"Hark!" exclaimed Dan presently. "How it blows! There must be a big sea outside to-night."
He strode to the window, pushed back the curtains of faded chintz, and stared out into the darkness. The wind was howling in the trees and about the eaves of the old inn, the harsh roar of the surf mingled with the noise of the storm, and the sleet lashed the window-panes in fury.
"You will not be thinking of going home tonight, Tom?"
"Not I," Pembroke answered, for he was as much at home in Dan's enormous chamber as he was in his own little room under the roof at the Red Farm.
As he turned from the window, the door into the parlour opened, and a young girl quietly slipped in and seated herself in the chimney-corner.
"Hello, Nance," Dan exclaimed, as she entered; "come close, child; you need to be near the fire on a night like this."
"Mother is asleep," the girl answered briefly, and then, resting her chin upon her hands, she fixed her great dark eyes upon the glowing logs. She was Dan's foster-sister, eighteen years of age, though she looked hardly more than sixteen; a shy, slender, girl, lovely with a wild, unusual charm. To Tom she had always been a silent elfin creature, delightful as their playmate when a child, but now though still so familiar, she seemed in an odd way, to grow more remote. Apparently she liked to sit with them on these winter evenings in the deserted bar, when Mrs. Frost had gone to bed; and to listen to their conversation, though she took little part in it.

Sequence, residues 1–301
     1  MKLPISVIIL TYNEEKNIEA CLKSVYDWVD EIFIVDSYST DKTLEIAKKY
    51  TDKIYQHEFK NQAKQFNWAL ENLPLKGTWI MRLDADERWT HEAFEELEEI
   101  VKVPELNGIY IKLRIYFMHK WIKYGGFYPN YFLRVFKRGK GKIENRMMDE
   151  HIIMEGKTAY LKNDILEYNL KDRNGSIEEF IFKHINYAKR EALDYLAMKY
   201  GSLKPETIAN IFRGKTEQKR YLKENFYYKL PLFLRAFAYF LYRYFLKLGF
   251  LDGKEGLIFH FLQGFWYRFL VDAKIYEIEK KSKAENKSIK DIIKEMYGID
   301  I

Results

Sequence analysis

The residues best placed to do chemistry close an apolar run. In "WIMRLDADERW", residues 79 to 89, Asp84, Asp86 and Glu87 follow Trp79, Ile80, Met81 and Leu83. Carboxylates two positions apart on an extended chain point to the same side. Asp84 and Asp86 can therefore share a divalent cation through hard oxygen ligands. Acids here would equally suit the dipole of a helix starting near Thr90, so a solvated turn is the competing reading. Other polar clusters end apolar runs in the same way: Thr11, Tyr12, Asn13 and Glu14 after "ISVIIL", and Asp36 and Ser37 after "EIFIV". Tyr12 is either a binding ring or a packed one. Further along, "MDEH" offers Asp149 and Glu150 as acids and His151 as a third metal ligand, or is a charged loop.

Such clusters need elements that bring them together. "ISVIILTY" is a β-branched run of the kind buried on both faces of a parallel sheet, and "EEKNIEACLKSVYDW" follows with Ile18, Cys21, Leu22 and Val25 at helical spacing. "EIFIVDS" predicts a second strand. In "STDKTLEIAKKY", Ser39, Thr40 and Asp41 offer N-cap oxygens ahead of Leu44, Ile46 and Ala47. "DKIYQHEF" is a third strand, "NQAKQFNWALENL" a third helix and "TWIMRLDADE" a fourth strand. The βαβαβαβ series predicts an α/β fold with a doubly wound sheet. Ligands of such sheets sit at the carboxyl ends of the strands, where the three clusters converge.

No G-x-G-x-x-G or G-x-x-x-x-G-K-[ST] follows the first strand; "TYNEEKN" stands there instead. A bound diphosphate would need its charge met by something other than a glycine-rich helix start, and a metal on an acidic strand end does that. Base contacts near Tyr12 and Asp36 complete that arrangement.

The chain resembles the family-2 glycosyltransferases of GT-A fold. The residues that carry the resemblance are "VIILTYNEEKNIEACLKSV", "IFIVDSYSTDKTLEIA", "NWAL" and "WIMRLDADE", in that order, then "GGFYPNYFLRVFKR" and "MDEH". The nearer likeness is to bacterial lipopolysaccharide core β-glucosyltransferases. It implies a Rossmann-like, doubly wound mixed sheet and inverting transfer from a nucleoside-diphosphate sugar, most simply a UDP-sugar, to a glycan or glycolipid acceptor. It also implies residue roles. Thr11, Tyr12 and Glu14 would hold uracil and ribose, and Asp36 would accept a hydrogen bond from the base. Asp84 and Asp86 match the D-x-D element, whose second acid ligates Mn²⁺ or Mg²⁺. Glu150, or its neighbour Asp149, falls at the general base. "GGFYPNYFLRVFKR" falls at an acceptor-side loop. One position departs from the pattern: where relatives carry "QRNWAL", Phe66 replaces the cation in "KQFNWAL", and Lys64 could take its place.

As Dan resumed his seat, he looked at her with evident concern, for she was shivering as she sat so quietly by the fireside.
"Are you cold, Nance?" he asked.
"A little," she replied. "I was afraid in the parlour with Mother asleep, and the wind and the waves roaring so horribly."
"Afraid?" exclaimed Tom, with an incredulous laugh. "I never knew you to be really afraid of anything in the world, Nancy."
She turned her dark eyes upon him for the moment, with a sharp inquisitive glance which caused him to flush unaccountably. An answering crimson showed in her cheeks, and she turned back to the fire. The colour fled almost as quickly as it had come, and left her pale, despite the glow of firelight.
"I was afraid--to-night," she said, after a moment's silence.
Suddenly there came the sound of a tremendous knocking on the door which opened from the bar into the outer porch, and all three started in momentary alarm.